Dr Zaius - 21 Oct 08 15:35
    The problem is that MMOGs are some of the most difficult and expensive games to produce and service. Obviously, running an MMO requires a long term commitment of time and resources that other types of games don't. And since people are being charged a monthly fee to play, the servers have to be fast, reliable, and secure or the community will very quickly be at odds with the devs.

    Hardcore MMOs of any type are rare, but one based on tactical war gaming would probably be a money pit.

    Michael Dorosh - 21 Oct 08 18:00
    True enough. If you could find a supply/demand curve with a number of players on one scale and a low-demand game on the other, and find the maximum number of players willing to battle it out in a low-demand game like the first generation Combat Mission series. Come to think of it, if things get any worse for battlefront, maybe they can dispense with their Combat Mission: Campaigns idea and just try the MMO as a money making venture using CM:BB instead. I'd go online a couple of times a week or one day a month to help move the entire Eastern Front...

    Dr Zaius - 21 Oct 08 19:29
    I understand where you are coming from, but I think you may be vastly underestimating the level of investment required to keep even a semi-popular MMO going. I just don't see how a tiny company like Battlefront could afford a 24-hour staff of IP techs to run a MMOG. The server expenses, software licenses and employee costs would vastly overshadow anything they have ever attempted before -- and that's assuming they even have access to that kind of cash in the first place.

    But all of this is probably a moot point. Hardcore war games have never been incredibly popular, as so it's a challenge in today's market to even craft a single player war game that sells more than 10,000 units. And it goes without saying that 10,000 subscribers would be a woefully inadequate base with which to launch a MMOG. The fact is, Battlefront would probably lose their entire investment in such a venture.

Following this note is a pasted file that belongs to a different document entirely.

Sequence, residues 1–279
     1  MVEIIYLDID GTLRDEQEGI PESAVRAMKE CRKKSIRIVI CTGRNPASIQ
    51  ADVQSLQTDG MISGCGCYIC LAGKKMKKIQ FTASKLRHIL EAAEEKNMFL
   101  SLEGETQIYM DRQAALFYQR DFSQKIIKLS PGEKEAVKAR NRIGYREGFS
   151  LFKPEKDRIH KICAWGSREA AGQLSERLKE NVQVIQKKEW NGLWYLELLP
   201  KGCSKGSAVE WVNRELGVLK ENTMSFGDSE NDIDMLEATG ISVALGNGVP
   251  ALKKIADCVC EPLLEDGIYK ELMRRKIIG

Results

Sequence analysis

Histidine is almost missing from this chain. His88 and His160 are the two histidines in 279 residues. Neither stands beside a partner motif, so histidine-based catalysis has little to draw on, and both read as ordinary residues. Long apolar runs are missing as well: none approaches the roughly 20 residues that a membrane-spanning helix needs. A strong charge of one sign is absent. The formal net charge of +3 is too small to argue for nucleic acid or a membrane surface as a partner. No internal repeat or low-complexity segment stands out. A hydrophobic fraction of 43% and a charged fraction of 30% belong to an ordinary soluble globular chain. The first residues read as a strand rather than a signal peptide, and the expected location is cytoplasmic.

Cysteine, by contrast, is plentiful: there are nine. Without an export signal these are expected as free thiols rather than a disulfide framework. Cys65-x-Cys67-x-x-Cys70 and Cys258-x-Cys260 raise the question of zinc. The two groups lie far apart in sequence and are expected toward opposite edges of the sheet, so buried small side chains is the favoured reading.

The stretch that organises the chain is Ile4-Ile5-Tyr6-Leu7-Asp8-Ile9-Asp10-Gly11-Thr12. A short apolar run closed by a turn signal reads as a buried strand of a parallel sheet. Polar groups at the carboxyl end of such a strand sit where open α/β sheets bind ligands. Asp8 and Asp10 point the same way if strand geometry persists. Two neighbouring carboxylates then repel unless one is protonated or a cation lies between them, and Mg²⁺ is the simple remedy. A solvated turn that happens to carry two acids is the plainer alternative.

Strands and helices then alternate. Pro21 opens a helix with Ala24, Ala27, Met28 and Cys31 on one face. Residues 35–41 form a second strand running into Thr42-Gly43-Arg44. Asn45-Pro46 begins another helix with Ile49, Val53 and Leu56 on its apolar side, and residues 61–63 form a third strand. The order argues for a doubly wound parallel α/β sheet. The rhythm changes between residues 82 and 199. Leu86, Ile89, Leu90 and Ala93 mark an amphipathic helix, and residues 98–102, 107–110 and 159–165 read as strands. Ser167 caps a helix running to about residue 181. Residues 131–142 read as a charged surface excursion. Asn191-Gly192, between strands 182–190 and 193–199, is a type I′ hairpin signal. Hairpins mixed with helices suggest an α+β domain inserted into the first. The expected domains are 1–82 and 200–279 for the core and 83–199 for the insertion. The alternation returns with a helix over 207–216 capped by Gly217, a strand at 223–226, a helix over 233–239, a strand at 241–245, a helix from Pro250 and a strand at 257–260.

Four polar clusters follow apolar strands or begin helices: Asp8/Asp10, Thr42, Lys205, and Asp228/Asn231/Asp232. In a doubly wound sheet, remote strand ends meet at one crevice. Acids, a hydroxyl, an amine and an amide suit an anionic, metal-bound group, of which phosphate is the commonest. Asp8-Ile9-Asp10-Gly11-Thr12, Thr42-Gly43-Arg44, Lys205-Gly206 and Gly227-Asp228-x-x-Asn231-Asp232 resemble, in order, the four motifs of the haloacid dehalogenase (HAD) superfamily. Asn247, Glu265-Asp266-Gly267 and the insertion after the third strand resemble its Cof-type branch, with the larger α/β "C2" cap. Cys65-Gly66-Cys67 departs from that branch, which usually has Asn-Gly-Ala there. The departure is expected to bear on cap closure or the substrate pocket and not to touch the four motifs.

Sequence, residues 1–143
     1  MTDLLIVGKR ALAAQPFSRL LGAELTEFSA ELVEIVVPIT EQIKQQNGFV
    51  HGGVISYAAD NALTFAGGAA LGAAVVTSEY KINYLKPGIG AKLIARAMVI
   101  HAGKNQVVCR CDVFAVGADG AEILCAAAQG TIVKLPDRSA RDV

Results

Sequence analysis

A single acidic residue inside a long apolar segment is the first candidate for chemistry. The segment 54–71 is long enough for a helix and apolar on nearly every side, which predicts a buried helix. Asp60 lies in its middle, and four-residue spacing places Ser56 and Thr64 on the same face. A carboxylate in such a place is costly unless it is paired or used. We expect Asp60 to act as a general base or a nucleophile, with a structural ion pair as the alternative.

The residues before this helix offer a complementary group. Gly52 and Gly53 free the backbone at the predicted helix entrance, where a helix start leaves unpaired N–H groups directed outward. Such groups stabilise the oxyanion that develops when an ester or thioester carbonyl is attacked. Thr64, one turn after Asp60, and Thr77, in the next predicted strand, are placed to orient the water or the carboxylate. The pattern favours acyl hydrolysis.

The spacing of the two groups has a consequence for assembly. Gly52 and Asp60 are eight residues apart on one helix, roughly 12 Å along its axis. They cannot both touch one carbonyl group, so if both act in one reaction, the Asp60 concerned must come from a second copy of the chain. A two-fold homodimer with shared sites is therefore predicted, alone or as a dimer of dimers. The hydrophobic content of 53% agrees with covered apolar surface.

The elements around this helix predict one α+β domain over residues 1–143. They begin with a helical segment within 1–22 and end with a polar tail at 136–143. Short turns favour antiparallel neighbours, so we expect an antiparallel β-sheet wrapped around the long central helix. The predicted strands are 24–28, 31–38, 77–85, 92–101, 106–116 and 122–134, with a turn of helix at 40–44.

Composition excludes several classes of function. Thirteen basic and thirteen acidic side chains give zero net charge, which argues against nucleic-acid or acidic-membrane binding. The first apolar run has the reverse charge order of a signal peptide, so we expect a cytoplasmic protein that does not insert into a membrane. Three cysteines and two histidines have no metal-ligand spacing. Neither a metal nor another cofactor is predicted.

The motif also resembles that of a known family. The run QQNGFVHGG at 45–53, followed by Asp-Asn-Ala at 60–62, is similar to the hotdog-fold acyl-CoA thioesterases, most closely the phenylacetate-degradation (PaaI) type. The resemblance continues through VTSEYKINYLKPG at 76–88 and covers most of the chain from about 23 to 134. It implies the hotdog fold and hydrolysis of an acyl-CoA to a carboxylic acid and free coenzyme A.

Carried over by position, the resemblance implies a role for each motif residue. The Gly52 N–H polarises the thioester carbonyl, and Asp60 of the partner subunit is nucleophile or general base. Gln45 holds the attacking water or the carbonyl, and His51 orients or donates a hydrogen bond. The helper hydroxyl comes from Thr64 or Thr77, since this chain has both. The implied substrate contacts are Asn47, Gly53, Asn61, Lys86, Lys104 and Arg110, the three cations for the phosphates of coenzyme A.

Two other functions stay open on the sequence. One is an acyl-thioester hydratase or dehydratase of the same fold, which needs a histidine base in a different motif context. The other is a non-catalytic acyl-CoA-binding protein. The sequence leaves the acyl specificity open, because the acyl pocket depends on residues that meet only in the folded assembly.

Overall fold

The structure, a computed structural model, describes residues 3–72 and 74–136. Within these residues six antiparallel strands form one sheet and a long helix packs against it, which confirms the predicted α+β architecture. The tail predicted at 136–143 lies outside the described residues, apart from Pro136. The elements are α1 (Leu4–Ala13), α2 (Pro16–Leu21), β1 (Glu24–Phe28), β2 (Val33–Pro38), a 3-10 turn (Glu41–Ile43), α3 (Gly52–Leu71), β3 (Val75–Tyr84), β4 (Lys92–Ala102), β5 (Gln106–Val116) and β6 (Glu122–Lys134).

Could something like Battlefield 2 or Operation Flashpoint be made into an MMOG? Yes, I think there are opportunities there. But judging by the games they have produced in the past and with all due respect to Battlefront, I'm not sure they're the company to pull that off.

  3. gamesquad comments continued:

    Michael Dorosh - 21 Oct 08 20:28
    Agreed - poor example. Maybe Matrix would have the resources to give it a try with Panzer Command, but I take your point. It would be an enormous gamble with a niche market. Something like Star Trek or Lord of the Rings is far less risky because they have established universes and fan bases - not to mention games that have done well and sold thousands of copies in the past in different genres - both straight tactical as well as role playing, both in board format and now PC format - and going back decades now. They're lobbing softballs, really.

    Michael Dorosh - 22 Oct 08 23:39

    Well, speak of the devil...

    Hello All,

    My name is Greg Breault and I am making a game called "Bunker" (temp name). Its really just for fun but if anything works out from it thats great. Its primarily an MMO (massively multiplayer online) based game, Axis vs Allies. Also, please excuse me if get any terminology, facts, etc etc wrong, thats why I need you.

    Currently the game is at its basic stages, just me working on it, doing concepts, base models of characters and environments. You can see a shot of the base US soldier model here. He was a test case called "Sarge" that I made.


    US One Man Tent

    US Ammo crates and ammo box

    I really just need help on camp layouts etc, what goes where, etc. I will try to be historically accurate, but, it doesn't have to be dead-on. If anyone is interested in consulting on either the Axis or Allied side please give me a hollar. Or I could just post to these forums my questions if no one minds.

    Please delete/move this thread if i've posted it in the wrong area, or it just doesn't belong.

    Thank you,
    Greg Breault
    Original post from 2007, but latest post from just today asking questions about LATWs and indicating a rough Alpha in the works...?

    Dr Zaius - 23 Oct 08 15:28
    All of those are dead links.

    Michael Dorosh - 23 Oct 08 16:25
    I noticed - the discussion link at Axis History forum works though so you can see the whole thread. Some of the newer images in the thread work.

    Gotta read the whole thing.

    Doesn't seem like a lot to report though, and honestly, not really what we've been discussing here - at least, it doesn't seem like a hybrid of tac/op layers. But a tactical MMO set in the Second World War that isn't WWIIOL or whatever it is called now is of interest, even if only pre-Alpha.

    Of course, if I had a dime for every, say, Operation Flashpoint mod that was announced with great fanfare and then never came to fruition...